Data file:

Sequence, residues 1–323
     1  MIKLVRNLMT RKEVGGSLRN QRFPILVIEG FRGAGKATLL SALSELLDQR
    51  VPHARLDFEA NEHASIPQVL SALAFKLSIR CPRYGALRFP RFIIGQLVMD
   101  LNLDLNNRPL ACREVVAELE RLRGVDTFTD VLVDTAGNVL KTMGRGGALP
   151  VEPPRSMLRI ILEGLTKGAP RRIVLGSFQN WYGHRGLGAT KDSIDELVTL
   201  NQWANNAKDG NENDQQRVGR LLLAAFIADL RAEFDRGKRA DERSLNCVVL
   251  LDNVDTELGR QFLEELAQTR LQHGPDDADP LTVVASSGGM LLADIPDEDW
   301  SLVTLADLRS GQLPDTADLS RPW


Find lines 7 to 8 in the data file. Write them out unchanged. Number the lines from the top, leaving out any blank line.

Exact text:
   251  LDNVDTELGR QFLEELAQTR LQHGPDDADP LTVVASSGGM LLADIPDEDW
   301  SLVTLADLRS GQLPDTADLS RPW